With the currently tight helium market rarely out of the headlines, Linde Global Helium is the latest to make the news with its calls for legislation to preserve stability in the US helium market.

In testimony before the House Committee on Natural Resources on February 14, Nick Haines, head of source development for Linde Global Helium, made the call for legislation.

Haines called for changes to a proposed bill that would put up for auction all of the helium produced from the Bureau of Land Management’s (BLM) Federal Helium Reserve in Amarillo, Texas. He argued that, without revisions, the legislation would add more instability to an already volatile helium market, and ultimately hurt consumers.

The BLM is responsible for operating and maintaining the Federal Helium Reserve and providing enriched crude helium to private refiners.

“We believe the proposed auction will disrupt the marketplace and create tremendous uncertainty with regard to continued helium supplies…”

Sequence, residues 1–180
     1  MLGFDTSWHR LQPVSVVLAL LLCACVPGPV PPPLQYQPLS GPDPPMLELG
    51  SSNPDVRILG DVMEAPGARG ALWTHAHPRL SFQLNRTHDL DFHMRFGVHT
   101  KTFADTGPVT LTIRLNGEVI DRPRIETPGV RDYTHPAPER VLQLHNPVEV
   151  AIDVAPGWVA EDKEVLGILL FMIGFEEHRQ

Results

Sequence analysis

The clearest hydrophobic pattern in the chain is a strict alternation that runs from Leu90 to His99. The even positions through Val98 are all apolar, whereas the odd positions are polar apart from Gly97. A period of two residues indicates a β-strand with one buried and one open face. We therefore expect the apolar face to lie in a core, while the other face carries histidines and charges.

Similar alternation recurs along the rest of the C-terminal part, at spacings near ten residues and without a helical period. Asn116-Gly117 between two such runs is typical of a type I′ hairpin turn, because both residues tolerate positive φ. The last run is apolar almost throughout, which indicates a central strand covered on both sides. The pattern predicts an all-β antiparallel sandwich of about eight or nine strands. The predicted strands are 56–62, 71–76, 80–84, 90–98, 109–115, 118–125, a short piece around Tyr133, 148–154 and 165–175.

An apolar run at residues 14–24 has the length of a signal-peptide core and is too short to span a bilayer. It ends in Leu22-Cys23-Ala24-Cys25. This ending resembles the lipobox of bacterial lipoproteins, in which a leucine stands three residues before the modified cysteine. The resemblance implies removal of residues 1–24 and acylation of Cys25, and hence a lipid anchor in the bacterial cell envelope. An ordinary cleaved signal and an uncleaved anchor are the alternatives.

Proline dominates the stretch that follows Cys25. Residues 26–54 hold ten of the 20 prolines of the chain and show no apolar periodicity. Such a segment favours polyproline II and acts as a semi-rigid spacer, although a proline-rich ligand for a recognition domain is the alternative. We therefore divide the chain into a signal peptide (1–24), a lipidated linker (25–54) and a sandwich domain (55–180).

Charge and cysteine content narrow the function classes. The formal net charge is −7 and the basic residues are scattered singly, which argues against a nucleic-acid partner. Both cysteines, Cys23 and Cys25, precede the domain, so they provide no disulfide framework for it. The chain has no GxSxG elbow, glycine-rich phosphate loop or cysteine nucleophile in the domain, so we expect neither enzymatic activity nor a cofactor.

Haines argued that the BLM could ensure that it is obtaining fair market value for helium with less drastic revisions to its procedures, which in turn would be less disruptive to the stability of the existing supply chain.  He praised the Committee for working to reauthorize the BLM helium program, which expires in the near future.

“We believe the proposed auction will disrupt the marketplace and create tremendous uncertainty with regard to continued helium supplies,” he said.

“As a business, Linde doesn’t benefit from a higher or lower price of helium. We do lose, however, if the market suffers from dramatic price swings or supply disruptions. So do our customers, and so do consumers. The price uncertainty arising from periodic auctions makes it more complex for customers to predict their costs and manage their businesses.”

Haines also alluded to the long-term effects on the supply chain; Linde has an extensive investment in the helium business that is fully integrated from production to distribution and retail sales. To maintain this investment, Linde requires long-term contracts with its suppliers and customers.

Haines explained, “If we are unable to obtain long-term supply agreements, we may be forced to reduce investments and costs, as well as contracts with our customers. Our customers in turn need the reliability of long-term contracts as well. When the nation’s largest supplier of crude helium auctions 100 percent of its supply, we can’t be sure on a periodic basis if we’ll have helium to supply to our customers.”